“The project, deemed fit for the permanent Summer White House, can provide homes for residents of the Gold Coast of Chicago or Millionaire’s Row of New York and leave nothing to be desired that nature or men can provide. It will be a center of society.”
An 19-hole golf course was built, an air strip and clubhouse site were cleared, and access roads graded. A brochure about 1929 announced “the development of America’s premier exclusive summer community.” The venture failed during the Depression, although the golf course operated for several years. One man who played it in the 1930s said “it was a great course, but if you went off the fairway, you were in a mighty deep, deep forest.”
Although the course is abandoned and overgrown, the outline of its fairways are evident today for those who use the National Park Service’s Alligator Hill hiking and cross-country ski trails.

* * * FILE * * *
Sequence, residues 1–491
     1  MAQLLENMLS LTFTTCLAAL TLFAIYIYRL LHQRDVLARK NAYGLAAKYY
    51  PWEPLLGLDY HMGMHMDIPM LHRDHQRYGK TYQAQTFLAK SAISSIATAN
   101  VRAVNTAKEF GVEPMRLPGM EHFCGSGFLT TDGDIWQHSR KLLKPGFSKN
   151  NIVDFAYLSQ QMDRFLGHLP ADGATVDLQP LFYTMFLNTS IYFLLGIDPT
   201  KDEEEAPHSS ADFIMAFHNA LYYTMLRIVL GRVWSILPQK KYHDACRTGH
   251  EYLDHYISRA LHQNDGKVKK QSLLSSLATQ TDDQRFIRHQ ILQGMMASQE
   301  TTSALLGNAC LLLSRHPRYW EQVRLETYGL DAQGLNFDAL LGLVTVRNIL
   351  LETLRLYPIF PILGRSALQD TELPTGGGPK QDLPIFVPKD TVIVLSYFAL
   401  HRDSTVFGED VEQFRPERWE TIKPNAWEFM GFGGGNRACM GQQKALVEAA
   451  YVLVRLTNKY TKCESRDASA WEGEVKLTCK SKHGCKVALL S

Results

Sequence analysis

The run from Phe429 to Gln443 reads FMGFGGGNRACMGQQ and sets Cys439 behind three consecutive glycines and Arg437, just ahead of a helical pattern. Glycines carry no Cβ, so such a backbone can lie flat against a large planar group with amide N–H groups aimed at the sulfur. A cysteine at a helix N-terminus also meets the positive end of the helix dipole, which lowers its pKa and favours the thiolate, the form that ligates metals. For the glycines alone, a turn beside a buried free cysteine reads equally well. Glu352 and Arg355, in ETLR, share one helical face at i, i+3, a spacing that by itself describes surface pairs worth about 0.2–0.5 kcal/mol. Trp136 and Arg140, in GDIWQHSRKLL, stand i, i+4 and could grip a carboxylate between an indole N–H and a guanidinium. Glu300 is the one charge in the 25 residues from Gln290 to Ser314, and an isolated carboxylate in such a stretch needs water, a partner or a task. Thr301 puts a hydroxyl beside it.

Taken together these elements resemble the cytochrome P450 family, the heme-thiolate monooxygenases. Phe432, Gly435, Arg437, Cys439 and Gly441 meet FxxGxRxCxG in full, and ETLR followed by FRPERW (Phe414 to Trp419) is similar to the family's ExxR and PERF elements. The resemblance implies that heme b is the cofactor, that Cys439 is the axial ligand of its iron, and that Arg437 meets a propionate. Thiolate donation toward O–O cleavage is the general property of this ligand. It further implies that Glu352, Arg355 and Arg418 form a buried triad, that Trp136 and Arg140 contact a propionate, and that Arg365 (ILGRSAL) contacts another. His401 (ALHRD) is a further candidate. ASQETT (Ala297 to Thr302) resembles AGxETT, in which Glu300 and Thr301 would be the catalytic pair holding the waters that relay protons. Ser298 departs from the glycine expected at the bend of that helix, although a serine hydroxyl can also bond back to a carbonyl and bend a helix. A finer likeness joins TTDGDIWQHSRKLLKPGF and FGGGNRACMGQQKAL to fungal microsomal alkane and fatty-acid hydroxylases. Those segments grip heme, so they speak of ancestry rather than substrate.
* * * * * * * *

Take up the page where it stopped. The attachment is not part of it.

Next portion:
Day Forest Estates was not developed. But the Glen Lake area, as D.H. Day anticipated, became a premier location for summer residents and visitors.
The Sleeping Bear Dunemobile Rides out of Glen Haven introduced thousands of people to the dune during the mid-twentieth century. Throughout their forty-three years of operation, the rides were owned by Louis Warnes and his wife, Marion, D.H. Day’s youngest daughter. By this time, they owned the D.H. Day Store, and used it as base for the dunes rides.
The rides started in 1935 with a used 1934 Ford that took four people at a time, for a charge of 25 cents each, on a brief ride from Glen Haven to the crest of the dunes and back.
By the time the rides ended in 1978, there were thirteen dune wagons, each carrying as many as 14 passengers on a 12 mile, 35 minute excursion.